The provision of a mound 40 with an exterior surface of gravel or firebrick also immobilizes and permits burning upon contact directed away from the flare stack 10 by the peak 40a of any liquid spills which may occur from the waste combustible gas or from the flame.

Patent Citations
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Referenced by
Citing PatentFiling datePublication dateApplicantTitle
US4431402 *Apr 19, 1982Feb 14, 1984Hamilton Louis FWaste gas flare igniter
US4604047 *Mar 15, 1984Aug 5, 1986Gkn Birwelco LimitedFlare for and method of flaring high velocity gas
US4652232 *Sep 30, 1985Mar 24, 1987John Zink Co.Apparatus and method to add kinetic energy to a low pressure waste gas flare burner
US7442035Apr 26, 2005Oct 28, 2008Gei Development, LlcGas induction bustle for use with a flare or exhaust stack
US8172565Oct 28, 2008May 8, 2012Heartland Technology Partners LlcGas induction bustle for use with a flare or exhaust stack
US8459984Apr 26, 2005Jun 11, 2013Heartland Technology Partners LlcWaste heat recovery system
US8585869Feb 7, 2013Nov 19, 2013Heartland Technology Partners LlcMulti-stage wastewater treatment system
US8679291Jul 29, 2010Mar 25, 2014Heartland Technology Partners LlcCompact wastewater concentrator using waste heat
US8721771Jan 19, 2012May 13, 2014Heartland Technology Partners LlcCondensation plume mitigation system for exhaust stacks
US8741100Jul 13, 2012Jun 3, 2014Heartland Technology Partners LlcLiquid concentrator
US8741101Jul 13, 2012Jun 3, 2014Heartland Technology Partners LlcLiquid concentrator
US8790496Jul 29, 2010Jul 29, 2014Heartland Technology Partners LlcCompact wastewater concentrator and pollutant scrubber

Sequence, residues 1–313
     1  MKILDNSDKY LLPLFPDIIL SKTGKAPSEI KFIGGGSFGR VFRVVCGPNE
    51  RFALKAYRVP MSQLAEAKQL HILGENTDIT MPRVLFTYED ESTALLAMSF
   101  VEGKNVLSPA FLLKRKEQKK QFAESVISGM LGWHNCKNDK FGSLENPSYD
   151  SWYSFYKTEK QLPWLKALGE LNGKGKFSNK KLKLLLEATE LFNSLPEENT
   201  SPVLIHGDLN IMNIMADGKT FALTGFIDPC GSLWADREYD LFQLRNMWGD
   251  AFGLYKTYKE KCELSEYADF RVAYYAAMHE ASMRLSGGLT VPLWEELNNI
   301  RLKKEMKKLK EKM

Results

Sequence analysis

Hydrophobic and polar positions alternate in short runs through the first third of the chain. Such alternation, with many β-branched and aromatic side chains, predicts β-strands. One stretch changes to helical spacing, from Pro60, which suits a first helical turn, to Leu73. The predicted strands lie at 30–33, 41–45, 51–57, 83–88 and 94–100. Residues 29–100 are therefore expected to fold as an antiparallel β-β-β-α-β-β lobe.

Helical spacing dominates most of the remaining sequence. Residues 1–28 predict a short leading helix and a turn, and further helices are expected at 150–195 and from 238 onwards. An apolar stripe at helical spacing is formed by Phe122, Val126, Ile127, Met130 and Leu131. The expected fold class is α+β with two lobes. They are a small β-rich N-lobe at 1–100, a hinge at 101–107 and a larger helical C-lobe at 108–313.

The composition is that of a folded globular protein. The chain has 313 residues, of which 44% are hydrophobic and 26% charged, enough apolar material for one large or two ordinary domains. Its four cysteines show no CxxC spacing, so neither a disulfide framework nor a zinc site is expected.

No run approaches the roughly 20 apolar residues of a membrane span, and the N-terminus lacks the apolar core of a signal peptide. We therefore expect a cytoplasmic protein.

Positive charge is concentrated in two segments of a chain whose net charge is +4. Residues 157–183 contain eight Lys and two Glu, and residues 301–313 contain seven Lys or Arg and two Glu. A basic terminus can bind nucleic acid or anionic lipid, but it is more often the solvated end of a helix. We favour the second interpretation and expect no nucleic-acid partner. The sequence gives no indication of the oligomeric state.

US8801897Nov 3, 2010Aug 12, 2014Heartland Technology Partners LlcCompact wastewater concentrator and contaminant scrubber
US8808497Mar 22, 2013Aug 19, 2014Heartland Technology Partners LlcFluid evaporator for an open fluid reservoir
US9199861Feb 7, 2013Dec 1, 2015Heartland Technology Partners LlcWastewater processing systems for power plants and other industrial sources
US9296624Oct 11, 2012Mar 29, 2016Heartland Technology Partners LlcPortable compact wastewater concentrator
US20060240368 *Apr 26, 2005Oct 26, 2006Heat Recovery Systems, LlcGas induction bustle for use with a flare or exhaust stack
US20060240369 *Apr 26, 2005Oct 26, 2006Heat Recovery Systems, LlcWaste heat recovery system
US20090053659 *Oct 28, 2008Feb 26, 2009Gei Development LlcGas induction bustle for use with a flare or exhaust stack
US20100176042 *Mar 12, 2008Jul 15, 2010Duesel Jr Bernard FWastewater Concentrator
US20110061816 *Jul 29, 2010Mar 17, 2011Heartland Technology Partners LlcCompact wastewater concentrator using waste heat
US20110083556 *Jul 29, 2010Apr 14, 2011Heartland Technology PartnersCompact wastewater concentrator and pollutant scrubber
US20110100924 *Nov 3, 2010May 5, 2011Heartland Technology Partners LlcCompact Wastewater Concentrator and Contaminant Scrubber
Classifications
U.S. Classification431/202, 431/5, 165/45, 138/32, 138/105
International ClassificationF23G7/08
Cooperative ClassificationF23G7/085
European ClassificationF23G7/08B